Archive for the ‘Theresa May’ Tag

Worker directors – we’ve been here before

At the UK’s Conservative Party conference, in early October 2016, the Prime Minister, Mrs. Theresa May, raised some significant corporate governance issues:

‘So if you’re a boss who earns a fortune but doesn’t look after your staff, an international company that treats the tax laws as an optional extra…a director who takes out massive dividends while knowing that the company pension scheme is about to go bust, I’m putting you on warning…’

Each of these issues has been discussed in recent blogs. But she also suggested that workers should be appointed to boards of directors. As could be predicted, this suggestion was welcomed by the Trades Union Council but raised alarm in some British boardrooms.

But we have been here before. Extracts from Corporate Governance: Principles, Policies, and Practices (3rd ed., 2015, pages 12 and 85) explain why:

 ‘In the 1970s, the European Economic Community (EEC), now the European Union, issued a series of draft directives on the harmonization of company law throughout the member states. The Draft Fifth Directive (1972) proposed that all large companies in the EEC should adopt the two-tier board form of governance, with both executive and supervisory boards. In other words, the two-tier board form of governance practised in Germany and Holland, would replace the British model of the unitary board, in which both executive and outside directors oversee management and are responsible for seeing that the business is being well run and run in the right direction.

In the two-tier form of governance, companies have two distinct boards, with no common membership. The upper, supervisory board monitors and oversees the work of the executive or management board, which runs the business. The supervisory board has the power to hire and fire the members of the executive board.

Moreover, in addition to the separation of powers, the draft directive included employee representatives on the supervisory board. In the German supervisory board, one half of the members represent the shareholders. The other half are chosen under the co-determination laws through the employees’ trades’ union processes. This reflects the German belief in co-determination, in which companies are seen as social partnerships between capital and labour.

The UK’s response was a Committee chaired by Sir Alan Bullock (later Lord Bullock), the renowned historian and Master of Saint Catherine’s College, Oxford. His report – Industrial Democracy (1977) – and its research papers (1976) were the first serious corporate governance study in Britain, although the phrase ‘corporate governance’ was not then in use. The Committee proposed that the British unitary board be maintained, but that some employee directors be added to the board to represent worker interests.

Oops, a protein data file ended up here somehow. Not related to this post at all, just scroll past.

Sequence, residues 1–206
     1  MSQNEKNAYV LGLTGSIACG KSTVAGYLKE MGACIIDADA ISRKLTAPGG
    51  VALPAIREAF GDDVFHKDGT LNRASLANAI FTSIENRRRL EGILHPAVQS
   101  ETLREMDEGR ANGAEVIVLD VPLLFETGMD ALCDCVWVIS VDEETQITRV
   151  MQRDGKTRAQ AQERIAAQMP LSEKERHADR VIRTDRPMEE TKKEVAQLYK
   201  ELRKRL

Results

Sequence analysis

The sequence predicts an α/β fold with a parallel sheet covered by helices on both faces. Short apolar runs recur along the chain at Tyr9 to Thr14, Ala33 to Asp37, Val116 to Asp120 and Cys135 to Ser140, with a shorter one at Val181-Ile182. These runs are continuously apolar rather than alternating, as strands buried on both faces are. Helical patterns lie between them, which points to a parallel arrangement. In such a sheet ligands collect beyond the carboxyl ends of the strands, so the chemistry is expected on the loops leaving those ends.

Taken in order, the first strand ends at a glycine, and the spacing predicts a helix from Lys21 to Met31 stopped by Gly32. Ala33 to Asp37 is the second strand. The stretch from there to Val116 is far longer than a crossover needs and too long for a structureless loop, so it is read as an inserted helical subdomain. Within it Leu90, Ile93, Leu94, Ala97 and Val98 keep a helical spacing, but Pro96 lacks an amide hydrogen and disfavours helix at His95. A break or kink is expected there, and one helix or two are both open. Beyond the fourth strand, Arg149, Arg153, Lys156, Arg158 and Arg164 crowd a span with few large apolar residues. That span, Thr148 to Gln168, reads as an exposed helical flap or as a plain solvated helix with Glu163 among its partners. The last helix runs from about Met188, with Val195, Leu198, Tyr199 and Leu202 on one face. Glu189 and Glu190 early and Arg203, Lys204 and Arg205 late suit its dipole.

The Bullock proposals were not well received in Britain’s boardrooms. The unitary board was seen, at least by directors, as a viable system of corporate governance. Workers had no place in the boardroom, they felt. A gradual move towards industrial democracy through participation below board level was preferable.

Neither the EEC’s proposal for supervisory boards nor worker directors became law in the UK. Since then, the company law harmonization process in the EU has been overtaken by social legislation, including the requirement that all major firms should have a works council through which employees can participate in significant strategic developments and changes in corporate policy.’

Proponents of industrial democracy still argue that governing a major company requires an informal partnership between labour and capital, so employees should participate in corporate governance. Maybe an extension of the Shareholder Senate idea, suggested in a recent blog, called a Stakeholder Senate could provide another forum to inform, liaise with, and influence the board.

Bob Tricker October 2016

 

 

Executive Remuneration – Recent Developments

In my June blog piece, I highlighted the fact that executive remuneration remains a ‘hot topic’ in corporate governance. Subsequent to that piece, two interesting reports on executive remuneration were published.

Executive Remuneration Working Group Final Report July 2016

The Executive Remuneration Working Group consists of Nigel Wilson (Chair), Group Chief Executive, Legal & General Group PLC; Russell King, Remuneration Committee Chairman, Aggreko PLC and Spectris PLC; Helena Morrissey, Chief Executive, Newton Investment Management and Chair, The Investment Association; Edmund Truell, Chairman of the Strategic Investment Advisory Board; and David Tyler, Chairman, J Sainsbury PLC and Hammerson PLC.